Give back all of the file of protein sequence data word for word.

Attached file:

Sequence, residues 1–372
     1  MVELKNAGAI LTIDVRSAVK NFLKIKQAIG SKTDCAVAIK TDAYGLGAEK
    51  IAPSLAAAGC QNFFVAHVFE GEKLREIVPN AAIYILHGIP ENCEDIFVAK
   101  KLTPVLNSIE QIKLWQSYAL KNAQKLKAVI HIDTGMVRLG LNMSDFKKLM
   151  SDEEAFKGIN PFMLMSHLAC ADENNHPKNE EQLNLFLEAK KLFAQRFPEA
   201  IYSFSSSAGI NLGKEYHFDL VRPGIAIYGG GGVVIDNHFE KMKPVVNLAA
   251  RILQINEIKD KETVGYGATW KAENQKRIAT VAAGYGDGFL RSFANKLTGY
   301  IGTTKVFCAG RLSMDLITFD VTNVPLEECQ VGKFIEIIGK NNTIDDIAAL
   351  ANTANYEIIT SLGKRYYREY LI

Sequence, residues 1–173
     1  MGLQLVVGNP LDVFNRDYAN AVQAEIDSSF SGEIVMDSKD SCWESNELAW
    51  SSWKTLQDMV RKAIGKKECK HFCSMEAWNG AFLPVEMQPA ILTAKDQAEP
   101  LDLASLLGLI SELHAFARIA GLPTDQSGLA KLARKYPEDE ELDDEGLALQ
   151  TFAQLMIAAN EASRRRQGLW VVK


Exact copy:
Sequence, residues 1–372
     1  MVELKNAGAI LTIDVRSAVK NFLKIKQAIG SKTDCAVAIK TDAYGLGAEK
    51  IAPSLAAAGC QNFFVAHVFE GEKLREIVPN AAIYILHGIP ENCEDIFVAK
   101  KLTPVLNSIE QIKLWQSYAL KNAQKLKAVI HIDTGMVRLG LNMSDFKKLM
   151  SDEEAFKGIN PFMLMSHLAC ADENNHPKNE EQLNLFLEAK KLFAQRFPEA
   201  IYSFSSSAGI NLGKEYHFDL VRPGIAIYGG GGVVIDNHFE KMKPVVNLAA
   251  RILQINEIKD KETVGYGATW KAENQKRIAT VAAGYGDGFL RSFANKLTGY
   301  IGTTKVFCAG RLSMDLITFD VTNVPLEECQ VGKFIEIIGK NNTIDDIAAL
   351  ANTANYEIIT SLGKRYYREY LI

Sequence, residues 1–173
     1  MGLQLVVGNP LDVFNRDYAN AVQAEIDSSF SGEIVMDSKD SCWESNELAW
    51  SSWKTLQDMV RKAIGKKECK HFCSMEAWNG AFLPVEMQPA ILTAKDQAEP
   101  LDLASLLGLI SELHAFARIA GLPTDQSGLA KLARKYPEDE ELDDEGLALQ
   151  TFAQLMIAAN EASRRRQGLW VVK